How to promote your business

Line drawing of man speaking through loudspeaker.

Finding a product or service to sell is only half the story. Now you have to get out there and tell people about it.

How it works

In the days before the advent of the internet and social media, promoting your business meant spending a fortune on advertising or PR, a crippling cost for a small business trying to get off the ground. Not anymore. Thanks to new technology, there are now lots of ways a small fledgling business can tell prospective customers about their products or services – many of them free.

Related: How to get your website noticed

Here are some tips on how to promote your business for virtually no money.

1. Wear and use your products in public

If you ever bump into Graham Milton at a party, the chances are high that he will be wearing a tuxedo shirt with a flamboyant design on the back. That’s because his business Fluxedo Shirts sells them. Milton seizes every opportunity to show off his shirts, wearing them to all kinds of unlikely places such as the Notting Hill Carnival and music festivals where as the only one in formal attire he has really stood out from the crowd. As a result, whenever he goes anywhere in his shirts he gets lots of people asking him about them and finding out where to buy them.

2. Get talking

Every kind of occasion, whether planned or unexpected, represents an opportunity for an entrepreneur to promote their venture, so always carry samples of your products if practicable. Ali Wallace, who started up his own recruitment agency DNA, has found several new clients simply by getting chatting to his fellow travellers on the commuter train from his home in North Hertfordshire to London. Even if no immediate opportunity to do business presents itself, it is worth staying in touch with the people you have met, by sending them an email after the event and even introducing them to other people who may be useful to them, to keep the contact alive.  That way they are more likely to remember you when something comes along that would be relevant to your business.

3. Get in touch with your local newspaper

See if they want to write about your business.  Not only is coverage like this free, but it will also give your business and product far greater credibility than a paid-for advert could ever achieve.

4. Enter as many business awards as you can

There seems to be a new ‘Entrepreneur of the year’ competition popping up every week – someone has got to win them, and if you are creating something special, then it might as well be you. If you are shortlisted as a runner up, or even better, if you win, you will get lots of press coverage and recognition which is a truly fabulous way of promoting your business.

5. Put your phone number and website on anything and everything

If you take a stand at a trade fair, for example, get your team to wear t-shirts with your logo and phone and website details on the back. You could even paint your car with your company logo and put your phone number and website on it.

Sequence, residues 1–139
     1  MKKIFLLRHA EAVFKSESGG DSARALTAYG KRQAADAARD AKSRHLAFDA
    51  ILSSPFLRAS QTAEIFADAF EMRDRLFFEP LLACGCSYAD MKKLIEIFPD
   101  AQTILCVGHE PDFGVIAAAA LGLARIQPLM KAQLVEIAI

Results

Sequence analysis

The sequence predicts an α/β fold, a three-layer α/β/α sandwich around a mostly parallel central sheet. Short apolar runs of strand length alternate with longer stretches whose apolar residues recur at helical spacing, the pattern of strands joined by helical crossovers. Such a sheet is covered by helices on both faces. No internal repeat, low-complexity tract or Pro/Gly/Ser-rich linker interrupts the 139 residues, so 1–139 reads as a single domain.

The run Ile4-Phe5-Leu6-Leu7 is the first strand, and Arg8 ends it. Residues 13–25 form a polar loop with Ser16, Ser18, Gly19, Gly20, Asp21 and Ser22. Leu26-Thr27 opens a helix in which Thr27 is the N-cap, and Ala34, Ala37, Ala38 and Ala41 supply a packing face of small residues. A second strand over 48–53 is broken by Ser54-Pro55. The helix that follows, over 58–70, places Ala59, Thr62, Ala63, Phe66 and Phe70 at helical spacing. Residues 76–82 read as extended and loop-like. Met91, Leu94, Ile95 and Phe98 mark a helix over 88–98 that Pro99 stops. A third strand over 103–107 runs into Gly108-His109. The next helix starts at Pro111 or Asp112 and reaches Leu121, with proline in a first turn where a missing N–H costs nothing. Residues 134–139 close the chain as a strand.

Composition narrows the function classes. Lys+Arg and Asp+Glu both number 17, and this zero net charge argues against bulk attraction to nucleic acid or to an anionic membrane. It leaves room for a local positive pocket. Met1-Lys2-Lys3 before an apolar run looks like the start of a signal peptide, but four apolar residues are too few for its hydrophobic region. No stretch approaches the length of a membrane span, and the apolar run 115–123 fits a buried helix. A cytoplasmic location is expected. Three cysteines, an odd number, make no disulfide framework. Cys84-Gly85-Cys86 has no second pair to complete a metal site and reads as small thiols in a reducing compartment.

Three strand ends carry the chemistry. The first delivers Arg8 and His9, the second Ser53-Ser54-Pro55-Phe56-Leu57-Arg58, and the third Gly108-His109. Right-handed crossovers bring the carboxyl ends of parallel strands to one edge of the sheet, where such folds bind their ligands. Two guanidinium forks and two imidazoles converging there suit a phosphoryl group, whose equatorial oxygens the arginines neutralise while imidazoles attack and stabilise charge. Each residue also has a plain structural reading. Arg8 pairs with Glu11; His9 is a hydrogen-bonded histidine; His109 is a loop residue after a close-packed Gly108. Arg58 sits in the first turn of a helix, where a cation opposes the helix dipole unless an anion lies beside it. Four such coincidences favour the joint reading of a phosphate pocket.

6. Get social networking

On Facebook, you can create a page for your business, on which you can post information, offers, photos, details of forthcoming events and so on. You can use Twitter to build up a following amongst potential and existing customers – the secret is to initiate conversations with potential customers rather than going on about how fantastic your product is. Linkedin is an online address book which you can use to connect to professionals in your industry. YouTube allows you to put videos about your venture for free so potential customers can see them. The best way to get your business noticed is to create a dedicated YouTube Channel for it – effectively a page on YouTube just for your business.

Top Tip

Be careful who you chat freely about your business to, because you never know who they might turn out to be. If your business is not doing well, keep it to yourself because that stranger you are confiding in could well be a customer, or supplier, or potential investor, or even someone who works at the bank where your account is held.

Case study

Kate Jenkins is such a Twitter enthusiast she has effectively grown her business, Gower Cottage Brownies (gowercottagebrownies.com) through it. She started out in 2007 making chocolate brownies in the kitchen of her cottage in Llanmabog in the Gower Peninsula, Wales, which she sold in the local village shop. People loved them, and when she started winning awards for her brownies, she spent £200 creating a basic website and began to sell them online, posting out her brownies via Royal Mail in boxes of 16.

A year later a friend suggested that Kate joined Twitter to promote her venture. Initially, she was resistant. But she signed up anyway as @gowercottage and started running a competition each week, the prize being a box of her brownies. The competition was never actually about brownies – it would always be something funny or silly, such as suggesting the best chat up line for Valentine’s Day, or imagining what song might be playing in the changing room at a rugby match. The brownies would go to people tweeting the best answer. Her ‘Monday Mayhem’ competitions quickly built up a following, to the extent that Kate would often find herself trending on Twitter – in other words being one of the most popular topics.

More than 75,000 tweets later, Kate has more than 5,000 followers and the turnover of her business has risen to £120,000, of which she estimates £40,000 has come entirely via Twitter. Votes from her followers also helped her win The Observer Food Monthly award for Best Welsh online retailer two years in a row.

Jenkins said: “It is not just that people are buying my brownies, they are also supporting me and doing PR for me because they are talking about my brownies. Twitter is my biggest word of mouth.”

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